I wanted to start with Matt’s observation that Democrats are just too uncomfortable talking about foreign policy and instinctively fall back to other issues.  Democrats haven’t won a Presidential foreign policy election since 1964.  As a result, most Democratic political operatives have honed their skills winning elections based on domestic policy and don’t feel comfortable talking about foreign policy.  Whenever they can, they try to change the topic.  Matt lays out how Democrats tried to essentially take foreign policy off the table in 2002 and 2004 and how this approach blew up in their faces.  (You can’t take an issue off the table unless your opponent also wants to take it off the table.) By 2006, Democrats had mastered the art of attacking Republicans on the incompetent execution of Iraq, but they still hadn’t figured out how to articulate a coherent alternative. 

Enter 2008 and we are at it again.  The economy is in the tank and there is a real temptation to just ignore national security or use Iraq to emphasize the costs at home.  There is a debate right now within the progressive community and the Democratic Party about whether to focus on the costs of war or a broader national security critique. 

The problem with the cost of war message is that it lays out no vision of American foreign policy.  It in essence says:  “We’re not interested in foreign policy.  This costs too much and is hurting us at home.”  This is a classic Democratic attempt to shift a foreign policy issue back into a domestic issue.  The problem is that it doesn’t help you when the Administration shifts the conversation to Iran or begins tossing out accusations towards North Korea and Syria.  “It costs too much” is just not a very useful answer to “How do we keep the evildoers at bay?”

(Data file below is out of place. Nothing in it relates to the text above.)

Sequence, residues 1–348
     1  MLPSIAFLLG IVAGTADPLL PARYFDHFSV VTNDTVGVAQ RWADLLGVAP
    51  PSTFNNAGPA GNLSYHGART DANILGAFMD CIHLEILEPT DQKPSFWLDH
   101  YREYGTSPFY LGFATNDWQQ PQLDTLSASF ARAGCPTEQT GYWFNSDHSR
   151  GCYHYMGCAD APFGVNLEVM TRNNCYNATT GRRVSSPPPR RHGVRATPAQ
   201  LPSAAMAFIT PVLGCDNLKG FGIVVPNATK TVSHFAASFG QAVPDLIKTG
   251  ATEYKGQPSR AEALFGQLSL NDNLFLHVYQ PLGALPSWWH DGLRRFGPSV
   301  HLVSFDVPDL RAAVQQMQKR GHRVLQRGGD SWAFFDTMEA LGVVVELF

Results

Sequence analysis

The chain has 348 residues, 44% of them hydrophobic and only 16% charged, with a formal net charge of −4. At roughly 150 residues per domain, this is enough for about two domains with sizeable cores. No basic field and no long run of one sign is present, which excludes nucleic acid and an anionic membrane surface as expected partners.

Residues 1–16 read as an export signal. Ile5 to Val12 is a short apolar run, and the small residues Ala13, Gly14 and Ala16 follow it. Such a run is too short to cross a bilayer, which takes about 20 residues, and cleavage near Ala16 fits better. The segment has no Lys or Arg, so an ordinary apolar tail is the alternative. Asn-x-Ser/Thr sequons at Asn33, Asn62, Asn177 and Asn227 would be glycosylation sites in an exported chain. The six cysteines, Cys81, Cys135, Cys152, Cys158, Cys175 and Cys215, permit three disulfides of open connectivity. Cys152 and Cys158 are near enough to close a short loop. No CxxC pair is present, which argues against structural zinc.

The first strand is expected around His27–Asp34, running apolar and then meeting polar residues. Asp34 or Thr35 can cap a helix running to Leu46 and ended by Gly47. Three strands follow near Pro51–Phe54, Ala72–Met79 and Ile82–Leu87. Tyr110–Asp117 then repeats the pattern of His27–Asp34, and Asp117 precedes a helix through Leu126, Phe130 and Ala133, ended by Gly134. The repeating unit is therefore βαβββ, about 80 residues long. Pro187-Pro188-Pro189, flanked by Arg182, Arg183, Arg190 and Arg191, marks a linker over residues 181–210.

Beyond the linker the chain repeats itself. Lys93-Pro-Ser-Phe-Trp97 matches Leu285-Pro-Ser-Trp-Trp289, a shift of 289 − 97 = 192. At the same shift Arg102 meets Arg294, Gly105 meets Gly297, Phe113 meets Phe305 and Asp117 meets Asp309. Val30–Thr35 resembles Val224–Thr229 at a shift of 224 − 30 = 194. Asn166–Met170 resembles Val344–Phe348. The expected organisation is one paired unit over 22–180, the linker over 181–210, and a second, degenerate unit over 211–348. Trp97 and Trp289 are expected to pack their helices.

On the other hand, a comprehensive critique that focuses on how Iraq has undermined our security across the world and how a less reckless policy that involves focusing on the threats in Afghanistan and Pakistan, negotiating with adversaries such as Iran or Syria, working with others in the international community on common challenges such as our dependence on oil, and rebuilding our reputation, is a much clearer vision.  And guess what.  In this election, the polling seems to show that it actually works better

The economy will undoubtedly play a major role in the election, and there is nothing wrong with making the cost of war argument within the context of the domestic economic debate.   But it cannot define the Democratic foreign policy message.

McCain's New Cold War
Posted by Ilan Goldenberg

Fareed Zakaria makes the point that while the MSM is continuously obsessed with whether or not Barack Obama will or will not talk to piddling dictators such as Hugo Chavez, Raul Casto or Mahmoud Ahmadinejad (Who ironically isn't even a real head of state and wields marginal power), John McCain is off laying down the blue print for a new Cold War with Russia and China (You know countries with real nuclear arsenals - not just hypothetical ones).

In his speech McCain proposed that the United States expel Russia from the G8, the group of advanced industrial countries. Moscow was included in this body in the 1990s to recognize and reward it for peacefully ending the cold war on Western terms, dismantling the Soviet empire and withdrawing from large chunks of the old Russian Empire as well. McCain also proposed that the United States should expand the G8 by taking in India and Brazil—but pointedly excluded China from the councils of power.

We have spent months debating Barack Obama's suggestion that he might, under some circumstances, meet with Iranians and Venezuelans. It is a sign of what is wrong with the foreign-policy debate that this idea is treated as a revolution in U.S. policy while McCain's proposal has barely registered. What McCain has announced is momentous—that the United States should adopt a policy of active exclusion and hostility toward two major global powers. It would reverse a decades-old bipartisan American policy of integrating these two countries into the global order, a policy that began under Richard Nixon (with Beijing) and continued under Ronald Reagan (with Moscow). It is a policy that would alienate many countries in Europe and Asia who would see it as an attempt by Washington to begin a new cold war. 

Still, I'm sure this won't deter David Broder from continuing to talk about how awesome John McCain's foreign policy is, and how different it is from George Bush's.